The exploration of the Second Amendment as a civic duty rather than a political rallying cry came to light this year at political events featuring armed demonstrators, including both Black and white militias.

“The historical origin [of the Second Amendment] is about overthrowing an oppressive government,” says Sanford Levinson, co-author of “Fault Lines in the Constitution.”

Gun rights on a local scale

Jennifer Bailey, a digital marketer near Richmond, is a member of the Virginia Citizens Defense League, which held a massive rally in Richmond earlier this year to protest new gun control measures after Democrats took control of the statehouse. She is not, however, an NRA member.

If government should be small and by the people, she says, then advocacy should be, too.

“It’s pretty natural for people to come together in their own communities first and foremost, and I also think that’s the way our country was designed and I also believe that’s how God created us,” says Ms. Bailey. In that way, “it seems only natural that we would come together in a community-based way more powerfully than a national organization or even a national government would be able to.”

Such attitudes have fueled questions about the source of the NRA’s political might, and what would happen should it disappear or be severely hobbled.

Adam Skaggs, the New York-based chief counsel and policy director at Giffords Law Center to Prevent Gun Violence, is skeptical that a neutered NRA would automatically translate to more gun control.

“If the NRA disappeared tomorrow,” he says, “there would still be a number of Americans who ... would continue to resist any strengthening of the gun laws.”

What’s more, the NRA’s “power came from the ability to organize and drive action by that very small, but very passionate group of single-issue voters,” he says. That means that “for many years – decades – the NRA claim to speak for American gun owners has not really been credible.”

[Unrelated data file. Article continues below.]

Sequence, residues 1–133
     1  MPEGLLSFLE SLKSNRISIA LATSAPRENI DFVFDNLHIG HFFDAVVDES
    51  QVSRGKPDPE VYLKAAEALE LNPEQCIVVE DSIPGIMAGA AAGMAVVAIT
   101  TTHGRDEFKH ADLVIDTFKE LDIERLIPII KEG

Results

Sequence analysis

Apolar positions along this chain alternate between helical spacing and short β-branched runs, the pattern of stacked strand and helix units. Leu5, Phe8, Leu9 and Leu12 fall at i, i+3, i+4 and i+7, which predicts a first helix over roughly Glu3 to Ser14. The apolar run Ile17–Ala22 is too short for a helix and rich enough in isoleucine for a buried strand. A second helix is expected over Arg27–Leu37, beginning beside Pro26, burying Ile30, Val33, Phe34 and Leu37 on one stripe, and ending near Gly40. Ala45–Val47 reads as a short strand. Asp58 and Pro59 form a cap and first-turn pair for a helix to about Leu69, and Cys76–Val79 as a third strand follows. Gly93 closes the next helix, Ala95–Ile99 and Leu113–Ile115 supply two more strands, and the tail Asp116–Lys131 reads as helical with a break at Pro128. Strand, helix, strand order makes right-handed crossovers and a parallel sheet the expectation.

NRA defenders

David Adams, an NRA member in Virginia’s Chesterfield County, disagrees. His now-15-year-old daughter received her lifetime membership to the NRA when she was in diapers.

That New York and Washington authorities decided to file a civil suit instead of criminal charges suggests that “it’s totally political” – a bid by Democrats to weaken the NRA ahead of an election, says Mr. Adams. Allegations of financial improprieties, including C-suite lavishness, amounts to c’est la vie in corporate America, he says.

“I don’t have any complaints about what I’ve gotten in return” for contributions, he says.

But Mr. Adams also believes that the NRA’s legal troubles come at a critical time for the role of guns in society. Failures to stem several new gun control measures in Virginia earlier this year, he says, set up a broader test of America’s unique and complicated relationship with firearms. Those took effect July 1 and include limiting handgun purchases to one a month.

“Gun owners showed up a day late and a dollar short” for the Richmond rally in February, says Mr. Adams, who is the vice president of the Virginia Shooting Sports Association. And “if they want to make sure that we don’t get closer to [firearms-cautious] New Jersey or California, they better keep the same energy they had at the beginning of this year going into this election, because if they don’t like what they saw in Virginia, they’re not going to like what they see at the national level.”